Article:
The Tate Britain has announced the four artists who have been shortlisted for the Turner Prize 2019: Lawrence Abu Hamdan, Helen Cammock, Oscar Murillo and Tai Shani. Exploring themes of resistance, identity politics, and displacement, an exhibition of work by the artists will be held from 28 September 2019 to 12 January 2020 at Turner Contemporary in Margate, with a winner to be declared on 3 December 2019. Established in 1984, the prize is named after JMW Turner, aiming to promote public interest in contemporary British art, and is awarded to a British artist for an outstanding exhibition or other presentation of their work in the past twelve months. Perusing this year’s shortlist, Something Curated takes a closer look and 2019’s selected artists.
Lawrence Abu Hamdan
Self-proclaimed ‘private ear’, Abu Hamdan’s work investigates crimes that have been heard and not seen; exploring the processes of reconstruction, the complexity of memory and language as well as the urgency of human rights and advocacy. Perhaps most distinctive is Hamdan’s exploration of sound as an architectural element and the way he recreates particular situations through sound and performance. Hamdan was selected for his solo exhibition Earwitness Theatre at Chisenhale, and for the video installation Walled Unwalled and performance After SFX at Tate Modern, London.
Helen Cammock was shortlisted for her solo exhibition The Long Note at Void, Derry~Londonderry and IMMA, Dublin. The jury praised the timely and urgent quality of Cammock’s work which explores social histories through film, photography, print, text and performance. Creating layered narratives that allow for the cyclical nature of history to be revealed, The Long Note looks at the history and the role of women in the civil rights movement in Derry Londonderry. The work highlights how the complexities of the politics of Northern Ireland have overshadowed the social history of the region and the variety of political positions taken by women during that time.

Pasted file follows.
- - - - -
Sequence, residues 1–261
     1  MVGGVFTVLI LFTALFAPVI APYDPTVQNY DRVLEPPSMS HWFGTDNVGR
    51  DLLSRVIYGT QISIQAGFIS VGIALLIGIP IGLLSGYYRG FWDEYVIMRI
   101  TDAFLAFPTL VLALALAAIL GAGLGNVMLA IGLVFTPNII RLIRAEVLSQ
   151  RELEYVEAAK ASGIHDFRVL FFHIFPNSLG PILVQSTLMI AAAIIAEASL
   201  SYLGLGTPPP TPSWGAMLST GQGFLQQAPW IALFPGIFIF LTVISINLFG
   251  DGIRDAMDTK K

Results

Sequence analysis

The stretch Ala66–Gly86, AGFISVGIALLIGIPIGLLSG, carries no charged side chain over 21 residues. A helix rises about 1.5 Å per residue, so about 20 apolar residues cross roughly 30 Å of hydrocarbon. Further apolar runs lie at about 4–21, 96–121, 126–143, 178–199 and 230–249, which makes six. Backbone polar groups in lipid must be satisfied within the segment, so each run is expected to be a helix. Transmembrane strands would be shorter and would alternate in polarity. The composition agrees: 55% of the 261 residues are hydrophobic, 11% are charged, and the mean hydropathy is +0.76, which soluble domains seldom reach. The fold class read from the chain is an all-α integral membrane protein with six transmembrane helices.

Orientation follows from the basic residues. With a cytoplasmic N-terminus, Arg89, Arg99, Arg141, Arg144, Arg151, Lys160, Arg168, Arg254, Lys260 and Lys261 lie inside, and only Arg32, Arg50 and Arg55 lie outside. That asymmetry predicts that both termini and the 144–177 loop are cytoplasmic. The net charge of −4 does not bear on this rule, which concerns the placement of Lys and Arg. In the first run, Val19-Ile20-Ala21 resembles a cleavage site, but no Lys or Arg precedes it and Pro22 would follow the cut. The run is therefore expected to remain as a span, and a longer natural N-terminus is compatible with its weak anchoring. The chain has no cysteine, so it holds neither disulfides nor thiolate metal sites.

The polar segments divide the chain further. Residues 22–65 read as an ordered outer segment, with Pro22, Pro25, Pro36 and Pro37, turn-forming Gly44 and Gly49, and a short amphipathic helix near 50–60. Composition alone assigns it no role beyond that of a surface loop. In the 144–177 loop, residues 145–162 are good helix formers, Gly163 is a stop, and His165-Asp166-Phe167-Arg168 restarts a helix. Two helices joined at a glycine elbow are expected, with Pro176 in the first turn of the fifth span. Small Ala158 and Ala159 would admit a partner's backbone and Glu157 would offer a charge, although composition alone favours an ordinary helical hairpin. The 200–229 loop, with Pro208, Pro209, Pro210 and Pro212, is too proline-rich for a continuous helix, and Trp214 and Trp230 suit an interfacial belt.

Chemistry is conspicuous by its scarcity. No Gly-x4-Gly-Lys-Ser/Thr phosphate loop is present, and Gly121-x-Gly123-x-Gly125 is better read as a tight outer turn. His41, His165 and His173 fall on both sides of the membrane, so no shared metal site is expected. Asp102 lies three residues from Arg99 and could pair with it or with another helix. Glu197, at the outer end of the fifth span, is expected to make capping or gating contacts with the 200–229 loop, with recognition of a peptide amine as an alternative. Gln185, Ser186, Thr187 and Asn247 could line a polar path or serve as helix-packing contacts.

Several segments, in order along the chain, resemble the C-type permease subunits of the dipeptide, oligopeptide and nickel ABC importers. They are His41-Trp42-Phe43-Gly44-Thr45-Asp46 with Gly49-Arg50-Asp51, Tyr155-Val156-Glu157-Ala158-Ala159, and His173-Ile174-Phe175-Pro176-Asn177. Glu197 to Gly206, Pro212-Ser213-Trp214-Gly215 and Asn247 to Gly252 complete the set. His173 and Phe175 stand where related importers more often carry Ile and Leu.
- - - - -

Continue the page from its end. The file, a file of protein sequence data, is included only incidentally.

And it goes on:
Oscar Murillo uninhibitedly pushes the boundaries of materials, particularly in his dynamic paintings. His work incorporates a variety of techniques and media including painting, drawing, performance, sculpture and sound, often using recycled materials and fragments from his studio. Murillo’s work reflects on his own experience of displacement and the social fallout of globalisation. The artist was selected for his participation in the 10th Berlin Biennale, his solo exhibition Violent Amnesia at Kettle’s Yard, Cambridge and solo exhibition at the chi K11 art museum Shanghai.
The Turner Prize jury noted the compelling nature of Shani’s on-going project Dark Continent, particularly the work’s ability to combine historical texts with contemporary references and issues. Developed over four years, it takes inspiration from a 15th century feminist text, Christine de Pizan’s The Book of the City of Ladies. Shani uses theatrical installations, performances and films to create her own allegorical city of women populated by fantastical characters, transporting the viewer to another time and place.
Feature image: Oscar Murillo, Untitled (news), 2017-18 (via Kettle’s Yard)